* The Tasting Room is loved by some, but not by all. It is expensive. It seems to have good nights and bad nights. Joint 10th with Overture on Eat Out Top 10 Restaurant List last year. Tel (021) 876-2151
* Ryan’s Kitchen has only been open for three months, set in a guest house, with a high-tech kitchen, and quality cuisine by chef Ryan Smith. “Contemporary South African cuisine” is the restaurant positioning, and a stronger African feel will be introduced in October, with a “Taste of Africa” menu. Tel (021) 876-4598
* Reuben’s has been the darling of Franschhoek, and a recent Tweet stated that it is the restaurant that tourists visit, while those that know go to Le Bon Vivant. Opened 6 years ago, the restaurant’s service standards have dropped as Reuben’s has expanded to Robertson, and chef Reuben Riffel has taken on more projects. Recently lost the sommelier to Bosman’s, but may not be a bad thing for the restaurant, as she was not very customer-friendly. The biggest compliment to Reuben and his team, but also the largest challenge, in opening Reuben’s at One&Only Cape Town (A first meal at the new Reuben’s was a-maze-ing). Tel (021) 876-3772
* Allee Bleue has been very low key restaurant-wise, and it is uncertain exactly where the management wants to go with its dining options. The Bistro at the entrance to the wine estate has always been friendly, and serves Bistro-style food at reasonable prices. The departure of Chef Dane Newton is a shame, but with his replacement currently working at the Michelin-starred Schwarzer Adler, interesting things could be coming out of this kitchen soon. Tel (021) 874-1021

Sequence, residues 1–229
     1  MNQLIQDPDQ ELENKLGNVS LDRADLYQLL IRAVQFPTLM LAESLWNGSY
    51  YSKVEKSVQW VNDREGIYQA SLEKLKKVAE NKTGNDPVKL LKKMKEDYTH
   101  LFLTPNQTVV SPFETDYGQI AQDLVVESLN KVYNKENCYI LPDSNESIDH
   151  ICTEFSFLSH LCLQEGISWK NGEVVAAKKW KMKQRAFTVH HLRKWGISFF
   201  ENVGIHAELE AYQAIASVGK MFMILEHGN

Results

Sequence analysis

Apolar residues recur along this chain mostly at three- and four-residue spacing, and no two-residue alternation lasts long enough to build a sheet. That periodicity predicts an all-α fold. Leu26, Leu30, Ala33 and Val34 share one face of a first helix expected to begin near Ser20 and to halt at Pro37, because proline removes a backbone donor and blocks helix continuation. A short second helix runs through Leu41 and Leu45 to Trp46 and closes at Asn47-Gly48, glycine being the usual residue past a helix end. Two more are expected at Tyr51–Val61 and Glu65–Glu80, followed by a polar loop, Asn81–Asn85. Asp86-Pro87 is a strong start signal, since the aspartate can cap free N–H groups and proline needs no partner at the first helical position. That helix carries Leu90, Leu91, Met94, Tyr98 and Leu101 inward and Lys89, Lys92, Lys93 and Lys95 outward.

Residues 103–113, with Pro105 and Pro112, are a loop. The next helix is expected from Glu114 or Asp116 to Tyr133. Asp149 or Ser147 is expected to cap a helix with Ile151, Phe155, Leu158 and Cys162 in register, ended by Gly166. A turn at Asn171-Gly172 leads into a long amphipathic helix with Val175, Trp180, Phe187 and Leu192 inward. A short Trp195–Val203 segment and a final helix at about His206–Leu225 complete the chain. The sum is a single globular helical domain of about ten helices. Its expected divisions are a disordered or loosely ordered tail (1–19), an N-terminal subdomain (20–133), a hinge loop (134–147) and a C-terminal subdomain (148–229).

* Cafe Bon Bon is one of the most relaxed and friendly breakfast and lunch-time stops in Franschhoek, on a most beautifully developed small-holding. Tel (021) 876-3936
* Haute Cabriere is owned by Franschhoek restaurant mogul Matthew Gordon. While many find the ‘cave’-like interior a shame given the beautiful view outside, it remains popular, also as a wedding venue, and has a good relationship with Cabriere wines. Tel (021) 876-3688